William Shakespeare Short Biography - 340 words

William Shakespeare was born on 26th April 1564, in Stratford. He was widely regarded as English poet, playwright and actor. He still remains the noble writer in the English language and best writer of tragedies. He is often called England's national poet and the "Bard of Avon". His contributions to literature are in the form of plays, sonnets, short poems, long narrative poems, tragedy verses and much more. His plays have been translated into every major living language and are performed more often than those of any other playwright.

Childhood
William Shakespeare was born in Stratford-upon-Avong. He was the son of John Shakespeare, an alderman and a successful glover, and Mary Arden.

Education
Most biographers believe that Shakespeare was probably educated at the King's New School, in 1553, a free school; although no attendance records for the period survive. During Elizabeth era, grammar schools varied in quality but had similar school curricula.

Career
No records suggest exactly when he started writing, but historians connect most of his work written at London Stage, in 1592, for plays and performances. In 1599, he helped establishing a theater on the south bank of River Thames named “Globe”. Most of his early plays and poems were performed here.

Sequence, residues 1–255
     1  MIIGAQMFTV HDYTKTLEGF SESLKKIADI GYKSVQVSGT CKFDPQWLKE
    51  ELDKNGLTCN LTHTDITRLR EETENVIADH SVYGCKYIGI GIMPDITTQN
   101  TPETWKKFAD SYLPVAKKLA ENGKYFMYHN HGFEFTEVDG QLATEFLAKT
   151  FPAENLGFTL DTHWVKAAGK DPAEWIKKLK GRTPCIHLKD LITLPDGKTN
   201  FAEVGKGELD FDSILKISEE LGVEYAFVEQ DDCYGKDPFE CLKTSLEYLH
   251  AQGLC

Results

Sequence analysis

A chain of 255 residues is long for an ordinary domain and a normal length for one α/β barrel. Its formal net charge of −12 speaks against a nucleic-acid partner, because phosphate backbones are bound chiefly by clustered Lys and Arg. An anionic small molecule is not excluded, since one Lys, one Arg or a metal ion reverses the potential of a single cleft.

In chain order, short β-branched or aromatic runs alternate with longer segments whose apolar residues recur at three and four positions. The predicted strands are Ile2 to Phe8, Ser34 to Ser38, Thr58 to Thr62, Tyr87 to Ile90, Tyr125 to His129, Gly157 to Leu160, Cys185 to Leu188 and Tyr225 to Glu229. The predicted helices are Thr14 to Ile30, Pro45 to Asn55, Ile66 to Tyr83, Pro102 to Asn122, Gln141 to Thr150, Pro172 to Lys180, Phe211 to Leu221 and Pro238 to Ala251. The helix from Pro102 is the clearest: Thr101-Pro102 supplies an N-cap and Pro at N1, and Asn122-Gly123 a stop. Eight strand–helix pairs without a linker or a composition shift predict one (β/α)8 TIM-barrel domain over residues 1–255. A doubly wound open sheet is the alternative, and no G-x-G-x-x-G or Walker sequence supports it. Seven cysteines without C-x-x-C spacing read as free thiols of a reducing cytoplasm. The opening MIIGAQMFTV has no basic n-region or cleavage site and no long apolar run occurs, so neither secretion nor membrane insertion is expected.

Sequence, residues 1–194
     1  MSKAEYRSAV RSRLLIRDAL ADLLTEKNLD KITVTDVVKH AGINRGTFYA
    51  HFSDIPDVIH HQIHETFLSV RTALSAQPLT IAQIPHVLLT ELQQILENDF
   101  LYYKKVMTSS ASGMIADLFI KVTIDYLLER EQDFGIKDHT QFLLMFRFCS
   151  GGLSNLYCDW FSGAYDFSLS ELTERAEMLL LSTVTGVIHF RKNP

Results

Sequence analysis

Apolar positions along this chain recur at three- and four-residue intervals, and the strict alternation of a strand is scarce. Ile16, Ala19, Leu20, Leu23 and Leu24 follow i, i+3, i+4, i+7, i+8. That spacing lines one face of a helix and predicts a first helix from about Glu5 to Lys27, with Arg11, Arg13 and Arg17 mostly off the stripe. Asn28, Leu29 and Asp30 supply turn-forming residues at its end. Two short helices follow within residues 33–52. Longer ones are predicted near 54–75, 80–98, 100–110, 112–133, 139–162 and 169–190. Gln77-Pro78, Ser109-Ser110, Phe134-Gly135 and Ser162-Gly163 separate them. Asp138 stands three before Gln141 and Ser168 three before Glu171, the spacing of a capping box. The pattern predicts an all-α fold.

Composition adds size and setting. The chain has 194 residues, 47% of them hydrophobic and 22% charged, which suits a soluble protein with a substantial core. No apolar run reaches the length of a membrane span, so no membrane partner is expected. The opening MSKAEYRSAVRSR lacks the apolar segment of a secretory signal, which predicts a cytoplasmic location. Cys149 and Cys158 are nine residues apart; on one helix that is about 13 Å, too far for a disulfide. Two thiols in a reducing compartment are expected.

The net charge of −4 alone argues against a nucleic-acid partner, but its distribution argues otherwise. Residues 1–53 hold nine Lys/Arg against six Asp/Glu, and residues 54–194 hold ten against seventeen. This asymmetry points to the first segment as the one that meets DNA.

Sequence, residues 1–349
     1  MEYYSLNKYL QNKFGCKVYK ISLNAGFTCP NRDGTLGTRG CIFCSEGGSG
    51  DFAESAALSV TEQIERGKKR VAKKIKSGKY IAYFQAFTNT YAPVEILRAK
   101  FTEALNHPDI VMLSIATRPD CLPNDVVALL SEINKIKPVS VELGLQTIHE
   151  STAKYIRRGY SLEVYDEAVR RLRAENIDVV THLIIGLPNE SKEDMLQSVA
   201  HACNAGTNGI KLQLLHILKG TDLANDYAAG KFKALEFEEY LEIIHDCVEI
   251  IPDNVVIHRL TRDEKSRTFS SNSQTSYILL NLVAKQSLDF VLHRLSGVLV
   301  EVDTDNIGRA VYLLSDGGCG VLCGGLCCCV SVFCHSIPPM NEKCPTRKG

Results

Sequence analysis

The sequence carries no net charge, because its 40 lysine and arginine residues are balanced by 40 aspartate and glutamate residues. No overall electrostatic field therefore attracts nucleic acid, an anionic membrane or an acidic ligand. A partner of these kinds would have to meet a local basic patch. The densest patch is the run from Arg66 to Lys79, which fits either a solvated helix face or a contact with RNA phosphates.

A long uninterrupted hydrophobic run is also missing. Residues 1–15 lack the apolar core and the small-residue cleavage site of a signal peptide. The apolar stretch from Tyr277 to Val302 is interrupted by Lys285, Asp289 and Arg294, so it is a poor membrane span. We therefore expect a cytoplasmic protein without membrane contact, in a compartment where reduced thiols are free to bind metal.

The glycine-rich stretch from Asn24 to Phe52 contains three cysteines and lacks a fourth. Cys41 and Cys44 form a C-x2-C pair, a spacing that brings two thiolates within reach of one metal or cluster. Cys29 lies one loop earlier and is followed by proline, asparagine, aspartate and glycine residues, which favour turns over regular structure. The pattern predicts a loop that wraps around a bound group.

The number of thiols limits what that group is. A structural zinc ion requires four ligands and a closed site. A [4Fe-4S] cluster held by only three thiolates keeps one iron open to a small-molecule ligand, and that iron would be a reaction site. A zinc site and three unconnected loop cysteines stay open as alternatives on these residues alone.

‘Richard III’ and the three parts of ‘Henry VI’ are the first recorded works of Shakespeare written in the early 1590s. This period saw two of his greatest works ‘Romeo and Juliet’, the famous romantic tragedy and ‘Julius Caesar’. In the early 17th Century, he again came into limelight for a number of tragedies among which ‘Hamlet’ is still discussed more than any other work of Shakespeare. ‘Othello’, ‘King Lear’ and ‘Macbeth’ were other noted work of his that depicts the depth of tragedy writing.

At the End
William Shakespeare died on 23 April 1616, he was buried in the chancel of the Holy Trinity Church two days after his death. During 1623, a funerary monument was erected in his memory on the north wall, with a half-effigy of him in the act of writing.


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